Click on the link below to see the “week in review” Megan made for us at the end of the trip!  The video includes clips from: cross country schooling at Paradise Farm and Gibbes Farm, jumping in Hitchcock Woods, and a dressage lesson.

Kelly at Team CEO Training Camp 2014

I can’t wait until Aiken 2015!  I am already counting down the days and planning my packing list for next year.  :-)  Until then, I am going to thoroughly enjoy the April-October 2014 show season now that I have completed our “spring training” trip.

Aiken 2014: Full Gallop Farm XC (Day 11)

Mar 31 2014

Tuesday, March 18th in Aiken was cold (think upper 30’s) and damp.  We slept in late at the hotel and then visited a handful of tack shops in the morning with the hopes that the sun would shine for our rides in the afternoon.  At the tack shops I bought three new riding shirts with the advanced technology fabric that is light weight, breathable, stretchy, and provides UVA protection.  I have worn one of the shirts twice so far and I love it!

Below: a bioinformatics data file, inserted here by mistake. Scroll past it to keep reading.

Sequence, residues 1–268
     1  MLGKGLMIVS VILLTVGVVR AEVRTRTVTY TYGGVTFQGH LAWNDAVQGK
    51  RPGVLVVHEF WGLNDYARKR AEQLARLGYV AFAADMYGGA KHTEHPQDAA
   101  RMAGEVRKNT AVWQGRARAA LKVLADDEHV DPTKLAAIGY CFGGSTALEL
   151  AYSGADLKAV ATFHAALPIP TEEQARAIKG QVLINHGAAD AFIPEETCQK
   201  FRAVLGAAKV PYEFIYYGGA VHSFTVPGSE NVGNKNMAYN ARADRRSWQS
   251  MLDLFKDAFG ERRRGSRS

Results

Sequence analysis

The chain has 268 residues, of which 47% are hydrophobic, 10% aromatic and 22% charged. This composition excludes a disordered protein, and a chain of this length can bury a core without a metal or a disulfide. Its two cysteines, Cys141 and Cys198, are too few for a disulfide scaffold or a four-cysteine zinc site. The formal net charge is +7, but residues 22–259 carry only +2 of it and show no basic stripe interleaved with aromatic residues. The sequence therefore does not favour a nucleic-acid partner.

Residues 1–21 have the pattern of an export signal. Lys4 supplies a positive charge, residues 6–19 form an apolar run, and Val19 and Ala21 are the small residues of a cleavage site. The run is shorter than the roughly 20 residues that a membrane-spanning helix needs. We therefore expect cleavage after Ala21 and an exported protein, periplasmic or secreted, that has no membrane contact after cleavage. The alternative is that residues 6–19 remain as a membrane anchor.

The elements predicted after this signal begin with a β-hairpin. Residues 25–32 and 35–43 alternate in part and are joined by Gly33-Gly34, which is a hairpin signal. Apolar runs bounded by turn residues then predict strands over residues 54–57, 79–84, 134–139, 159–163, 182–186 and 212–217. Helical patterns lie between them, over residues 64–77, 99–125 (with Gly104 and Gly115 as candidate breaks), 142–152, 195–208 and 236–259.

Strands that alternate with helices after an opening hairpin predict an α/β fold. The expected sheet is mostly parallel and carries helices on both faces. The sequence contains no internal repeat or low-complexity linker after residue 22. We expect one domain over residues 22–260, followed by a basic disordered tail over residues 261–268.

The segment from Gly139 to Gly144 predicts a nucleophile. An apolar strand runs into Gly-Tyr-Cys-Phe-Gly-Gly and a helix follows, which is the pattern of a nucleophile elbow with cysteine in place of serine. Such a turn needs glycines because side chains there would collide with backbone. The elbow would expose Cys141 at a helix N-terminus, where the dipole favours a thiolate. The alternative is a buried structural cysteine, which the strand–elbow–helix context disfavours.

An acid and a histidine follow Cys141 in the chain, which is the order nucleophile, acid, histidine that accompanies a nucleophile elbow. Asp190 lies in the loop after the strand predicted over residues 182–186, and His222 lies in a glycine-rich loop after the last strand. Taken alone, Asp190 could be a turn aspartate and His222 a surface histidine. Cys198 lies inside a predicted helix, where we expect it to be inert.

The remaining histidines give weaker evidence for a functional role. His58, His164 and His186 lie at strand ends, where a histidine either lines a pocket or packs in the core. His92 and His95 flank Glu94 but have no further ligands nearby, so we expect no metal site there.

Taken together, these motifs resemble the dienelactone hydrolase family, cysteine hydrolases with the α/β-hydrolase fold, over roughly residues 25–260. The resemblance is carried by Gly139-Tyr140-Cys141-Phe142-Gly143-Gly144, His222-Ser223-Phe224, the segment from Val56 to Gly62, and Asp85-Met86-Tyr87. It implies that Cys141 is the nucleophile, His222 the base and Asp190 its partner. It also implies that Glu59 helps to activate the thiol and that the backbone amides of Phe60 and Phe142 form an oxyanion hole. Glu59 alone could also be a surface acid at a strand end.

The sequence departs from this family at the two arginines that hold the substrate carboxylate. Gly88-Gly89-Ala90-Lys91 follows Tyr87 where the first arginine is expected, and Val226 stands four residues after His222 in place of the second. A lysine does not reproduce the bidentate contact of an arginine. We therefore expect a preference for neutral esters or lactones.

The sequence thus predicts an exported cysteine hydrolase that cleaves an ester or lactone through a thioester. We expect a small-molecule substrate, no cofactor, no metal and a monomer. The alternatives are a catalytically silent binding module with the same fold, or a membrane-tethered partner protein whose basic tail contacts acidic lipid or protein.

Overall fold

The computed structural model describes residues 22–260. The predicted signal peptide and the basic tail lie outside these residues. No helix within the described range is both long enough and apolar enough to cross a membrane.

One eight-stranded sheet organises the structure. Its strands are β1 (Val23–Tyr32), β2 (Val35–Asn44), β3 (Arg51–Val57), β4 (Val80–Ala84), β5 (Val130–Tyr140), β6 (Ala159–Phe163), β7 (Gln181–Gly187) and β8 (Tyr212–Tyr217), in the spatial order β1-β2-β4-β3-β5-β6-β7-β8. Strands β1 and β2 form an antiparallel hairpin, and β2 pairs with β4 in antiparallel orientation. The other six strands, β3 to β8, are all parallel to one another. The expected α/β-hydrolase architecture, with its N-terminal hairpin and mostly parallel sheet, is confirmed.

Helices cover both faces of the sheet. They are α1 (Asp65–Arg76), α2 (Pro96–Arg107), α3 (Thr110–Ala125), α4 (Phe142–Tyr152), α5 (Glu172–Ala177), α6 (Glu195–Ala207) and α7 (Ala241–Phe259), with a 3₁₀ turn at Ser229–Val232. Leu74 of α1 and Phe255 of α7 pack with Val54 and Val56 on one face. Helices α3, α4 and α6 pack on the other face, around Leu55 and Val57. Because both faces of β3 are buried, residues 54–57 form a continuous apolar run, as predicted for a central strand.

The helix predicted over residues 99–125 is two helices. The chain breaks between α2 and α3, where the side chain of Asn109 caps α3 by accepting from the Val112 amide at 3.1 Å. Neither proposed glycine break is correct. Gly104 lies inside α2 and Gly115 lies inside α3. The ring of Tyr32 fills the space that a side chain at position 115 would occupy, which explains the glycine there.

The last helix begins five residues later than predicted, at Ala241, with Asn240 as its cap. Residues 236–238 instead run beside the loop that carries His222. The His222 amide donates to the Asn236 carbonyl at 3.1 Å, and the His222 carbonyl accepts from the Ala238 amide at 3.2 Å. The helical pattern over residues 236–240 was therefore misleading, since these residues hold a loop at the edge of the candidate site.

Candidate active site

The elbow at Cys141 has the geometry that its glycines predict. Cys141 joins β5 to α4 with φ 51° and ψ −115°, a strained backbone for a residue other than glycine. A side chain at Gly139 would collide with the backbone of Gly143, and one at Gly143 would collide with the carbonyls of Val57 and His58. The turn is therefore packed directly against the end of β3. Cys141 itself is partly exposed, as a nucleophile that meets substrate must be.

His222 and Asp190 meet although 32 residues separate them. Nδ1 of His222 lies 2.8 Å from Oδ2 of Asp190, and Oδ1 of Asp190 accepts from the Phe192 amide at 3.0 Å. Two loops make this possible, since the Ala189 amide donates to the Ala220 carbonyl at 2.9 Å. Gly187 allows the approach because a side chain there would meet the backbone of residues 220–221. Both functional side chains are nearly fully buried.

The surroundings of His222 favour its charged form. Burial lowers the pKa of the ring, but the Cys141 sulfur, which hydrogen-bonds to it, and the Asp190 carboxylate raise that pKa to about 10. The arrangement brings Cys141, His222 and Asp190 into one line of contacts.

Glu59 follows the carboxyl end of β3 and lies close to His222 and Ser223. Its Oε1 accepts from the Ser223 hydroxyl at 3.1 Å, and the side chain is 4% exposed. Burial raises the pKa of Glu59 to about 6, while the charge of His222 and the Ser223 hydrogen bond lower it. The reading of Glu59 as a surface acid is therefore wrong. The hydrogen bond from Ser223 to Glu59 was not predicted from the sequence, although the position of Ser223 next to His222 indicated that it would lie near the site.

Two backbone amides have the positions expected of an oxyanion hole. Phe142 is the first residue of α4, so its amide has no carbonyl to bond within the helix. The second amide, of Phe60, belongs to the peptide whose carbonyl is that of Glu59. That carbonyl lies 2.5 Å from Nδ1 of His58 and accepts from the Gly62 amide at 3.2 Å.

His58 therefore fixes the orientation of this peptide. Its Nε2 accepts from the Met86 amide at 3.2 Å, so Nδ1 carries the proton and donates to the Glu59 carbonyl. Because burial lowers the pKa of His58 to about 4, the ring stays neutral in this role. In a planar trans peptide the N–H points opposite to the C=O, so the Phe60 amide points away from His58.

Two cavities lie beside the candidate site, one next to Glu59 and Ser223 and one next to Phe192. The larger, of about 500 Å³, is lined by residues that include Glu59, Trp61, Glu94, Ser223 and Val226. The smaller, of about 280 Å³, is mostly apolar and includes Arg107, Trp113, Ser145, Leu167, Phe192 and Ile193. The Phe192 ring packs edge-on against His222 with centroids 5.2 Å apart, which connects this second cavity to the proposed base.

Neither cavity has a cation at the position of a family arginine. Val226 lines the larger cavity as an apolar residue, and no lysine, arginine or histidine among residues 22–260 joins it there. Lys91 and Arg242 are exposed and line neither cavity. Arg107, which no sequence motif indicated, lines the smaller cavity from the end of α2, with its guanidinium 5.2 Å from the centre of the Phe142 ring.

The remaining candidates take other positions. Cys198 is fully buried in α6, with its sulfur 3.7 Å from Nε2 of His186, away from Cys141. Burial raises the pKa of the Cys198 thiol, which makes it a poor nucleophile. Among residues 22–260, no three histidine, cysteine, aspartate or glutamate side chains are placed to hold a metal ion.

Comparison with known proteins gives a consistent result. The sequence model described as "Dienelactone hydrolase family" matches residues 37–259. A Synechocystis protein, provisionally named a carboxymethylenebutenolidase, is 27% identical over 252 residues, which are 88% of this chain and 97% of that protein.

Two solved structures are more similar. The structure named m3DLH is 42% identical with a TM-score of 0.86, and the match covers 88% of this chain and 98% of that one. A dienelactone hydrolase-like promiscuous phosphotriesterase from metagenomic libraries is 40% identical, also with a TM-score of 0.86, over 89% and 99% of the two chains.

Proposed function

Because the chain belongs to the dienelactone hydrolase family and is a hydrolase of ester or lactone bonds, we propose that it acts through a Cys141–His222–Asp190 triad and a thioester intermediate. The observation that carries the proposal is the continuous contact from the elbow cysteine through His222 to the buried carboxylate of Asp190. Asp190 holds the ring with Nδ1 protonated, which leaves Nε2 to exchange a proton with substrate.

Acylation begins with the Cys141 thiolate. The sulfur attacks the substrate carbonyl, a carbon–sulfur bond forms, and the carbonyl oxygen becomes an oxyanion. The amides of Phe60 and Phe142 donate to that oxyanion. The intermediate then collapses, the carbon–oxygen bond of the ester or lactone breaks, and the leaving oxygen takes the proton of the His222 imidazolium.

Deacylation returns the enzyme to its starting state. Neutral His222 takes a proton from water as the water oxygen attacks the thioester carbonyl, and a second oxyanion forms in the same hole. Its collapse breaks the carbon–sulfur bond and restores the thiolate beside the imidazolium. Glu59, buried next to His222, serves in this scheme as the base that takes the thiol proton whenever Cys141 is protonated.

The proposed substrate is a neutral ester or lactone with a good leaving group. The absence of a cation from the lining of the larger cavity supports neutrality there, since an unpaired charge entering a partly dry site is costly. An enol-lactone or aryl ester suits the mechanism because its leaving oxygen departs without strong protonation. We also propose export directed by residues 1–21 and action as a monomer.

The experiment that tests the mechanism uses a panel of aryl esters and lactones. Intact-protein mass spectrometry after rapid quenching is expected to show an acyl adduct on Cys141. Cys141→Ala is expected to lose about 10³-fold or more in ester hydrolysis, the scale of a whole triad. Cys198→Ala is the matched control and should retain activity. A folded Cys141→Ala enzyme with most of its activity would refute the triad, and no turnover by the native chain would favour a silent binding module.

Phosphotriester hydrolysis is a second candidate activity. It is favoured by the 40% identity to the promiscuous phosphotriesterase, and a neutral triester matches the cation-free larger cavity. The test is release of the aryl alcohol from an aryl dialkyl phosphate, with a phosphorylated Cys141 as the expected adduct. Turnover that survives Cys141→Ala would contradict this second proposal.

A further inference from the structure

For lunch we headed to downtown Aiken and visited the New Moon Cafe.  I love this place!  Everything from the drinks, to the sandwiches, to the desserts are to die for!  I had the Garcia sandwich – turkey, tomato, honey-dijon and brie cheese on a grilled panini with a cup of their crab bisque soup.  Delightful!

After lunch we grabbed the horses and headed to Full Gallop Farm.  Due to all the rain over the last 2 days, we decided to put studs in the horses schooling Training level and above.  This was the first time I used studs on cross country in Aiken, but I was thankful to have them.

Training Level Ramp


Roll Top at the Water Complex

Roll Top



For dinner, we headed back to Takosushi (the same restaurant we ate at on Day 5).  This time I ordered the miso soup, tempura asparagus, and “Cary’s Roll.”  The roll had tuna, salmon, white tuna, tilapia, cream cheese.  Then it was flash fried then drizzled with Taskosushi sauce and teriyaki sauce.  It was amazing!